The New AmericansIn April of 1925, Duggan and Bill Dwyer, New York City’s most-celebrated prohibition bootlegger, were awarded the franchise for New York. Somewhat fortuitously given the shortage of players, the Hamilton Tigers, who had finished first the season before, had been suspended from the league after they struck for higher pay. However, the suspensions were quietly lifted in the off-season. Soon ...
The Americans HurtingThe Americans made the playoffs again in 1938 – 1939 and 1939 – 1940 seasons but were bounced in the first round each time. Canada entered World War II in September 1939, and some of the team’s Canadian players left for military service. However, an even large number of players entered the military in 1940 – 1941. With a decimated ...
History of the Americans
The New York Americans, also known as the Amerks, were an NHL hockey team that played in Manhattan from 1925 to 1942. Founded by Tex Rickard, who was already a successful boxing promoter and owner of Madison Square Garden at the time, they were one of six original teams in the National Hockey League's first season. The Americans had some success early on; they made it to Stanley Cup Finals twice during their 17 years.
Despite their initial successes, however, financial difficulties plagued them throughout their history due to poor attendance figures and limited resources compared with other teams like Toronto Maple Leafs or Montreal Canadiens. They struggled so much financially that after World War II broke out, many players enlisted for military service, leaving them with no choice but disbanding shortly afterward in 1942 when MSG refused to renew the lease agreements unless ownership changed hands, which never happened, thus ending New York American’s era forever.
Despite being short-lived, the legacy left behind by this team cannot be denied as it was very influential on ice hockey culture both locally and nationally especially considering how popular the sport is today across the United States thanks mainly due its presence back then. It certainly paved the way for future generations through innovations such as introducing the forward passing rule into the game along with providing an excellent platform for young stars like Frank Boucher, who went became a Hall Fame inductee later in life, among others too numerous mentioned here, making sure memory lives even though franchise itself does not anymore.
Quebec – Hamilton – New York – Brooklyn
1919 – 1942 / National Hockey League
1941 – 1942 / Brooklyn Americans
1925 – 1941 / New York Americans
1920 – 1925 / Hamilton Tigers
1919 – 1920 / Quebec Bulldogs
Americans – The New York Americans, founded in 1925, were one of the original six teams to make up the National Hockey League (NHL). The team was initially known as the Brooklyn Americans and had a unique nickname that has its roots in American history.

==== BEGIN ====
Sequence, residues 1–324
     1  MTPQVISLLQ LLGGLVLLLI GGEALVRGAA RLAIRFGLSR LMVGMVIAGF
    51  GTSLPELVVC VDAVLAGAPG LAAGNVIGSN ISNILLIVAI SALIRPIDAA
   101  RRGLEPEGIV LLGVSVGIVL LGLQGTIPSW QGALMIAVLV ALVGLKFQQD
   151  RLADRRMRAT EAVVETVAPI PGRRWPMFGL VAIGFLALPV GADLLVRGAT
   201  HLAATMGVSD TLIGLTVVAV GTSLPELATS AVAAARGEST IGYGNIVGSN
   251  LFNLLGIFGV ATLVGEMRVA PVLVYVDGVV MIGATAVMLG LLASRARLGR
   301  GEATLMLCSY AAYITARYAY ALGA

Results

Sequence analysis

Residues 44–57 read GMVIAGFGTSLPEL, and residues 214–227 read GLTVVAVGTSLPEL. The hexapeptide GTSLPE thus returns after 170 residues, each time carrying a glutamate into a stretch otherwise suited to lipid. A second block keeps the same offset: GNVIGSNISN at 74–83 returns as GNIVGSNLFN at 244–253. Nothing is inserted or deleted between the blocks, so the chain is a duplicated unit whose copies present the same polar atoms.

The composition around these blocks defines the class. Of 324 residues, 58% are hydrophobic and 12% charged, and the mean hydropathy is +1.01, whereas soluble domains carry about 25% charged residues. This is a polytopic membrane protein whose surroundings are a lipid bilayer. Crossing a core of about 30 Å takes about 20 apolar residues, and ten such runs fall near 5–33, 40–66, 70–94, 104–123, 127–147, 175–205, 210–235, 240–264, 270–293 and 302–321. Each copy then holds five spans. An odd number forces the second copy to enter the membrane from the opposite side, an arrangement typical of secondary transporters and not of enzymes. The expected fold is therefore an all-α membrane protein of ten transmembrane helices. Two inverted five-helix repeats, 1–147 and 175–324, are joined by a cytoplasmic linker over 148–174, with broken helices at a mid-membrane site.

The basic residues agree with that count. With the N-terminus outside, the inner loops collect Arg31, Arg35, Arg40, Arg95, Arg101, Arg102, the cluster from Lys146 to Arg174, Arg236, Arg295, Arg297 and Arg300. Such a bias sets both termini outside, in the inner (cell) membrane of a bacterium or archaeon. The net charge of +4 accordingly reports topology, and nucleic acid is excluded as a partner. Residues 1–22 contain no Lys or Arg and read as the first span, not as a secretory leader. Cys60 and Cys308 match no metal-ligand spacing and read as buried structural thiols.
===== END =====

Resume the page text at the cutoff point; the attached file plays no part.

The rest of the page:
It is believed that when founding owner William Dwyer decided to name his new hockey team after his hometown of Brooklyn, he wanted something more than "Brooklyn." He chose "Americans" because it represented a sense of patriotism and pride for his country. It also served as an homage to all those who have fought for America's freedom over the years.
In addition, by using this name, Dwyer hoped to attract fans from outside Brooklyn interested in supporting an American-based professional sports franchise. This strategy worked well initially, with many people flocking to Madison Square Garden on game days wearing red, white, and blue clothing or waving small flags during games.
Despite their popularity amongst local fans, however, financial difficulties forced them out of New York City just eight seasons later; they relocated across state lines into Pennsylvania, where they became known as the Philadelphia Quakers until folding altogether shortly after that due to poor attendance numbers and lackluster performance on ice throughout their tenure there.
Although no longer around today, the legacy left behind by these pioneering players still lives on through current NHL franchises like Pittsburgh Penguins, Washington Capitals & St Louis Blues, which all adopted similar names inspired by national pride & loyalty towards one’s home nation. We can thank Mr. William Dwyer & co for leaving us such an essential piece of our sporting heritage here in North America!
Stanley Cup 0
1925 – 1942 / Madison Square Garden
1920 – 1925 / Barton Street Arena
1919 – 1920 / Quebec Arena
1936 – 1942 / Mervyn “Red” Dutton
1925 – 1936 / Bill Dwyer
1920 – 1925 / Abso Pure Ice Company
1919 – 1920 / Quebec Athletic Club
*Blue is this team’s history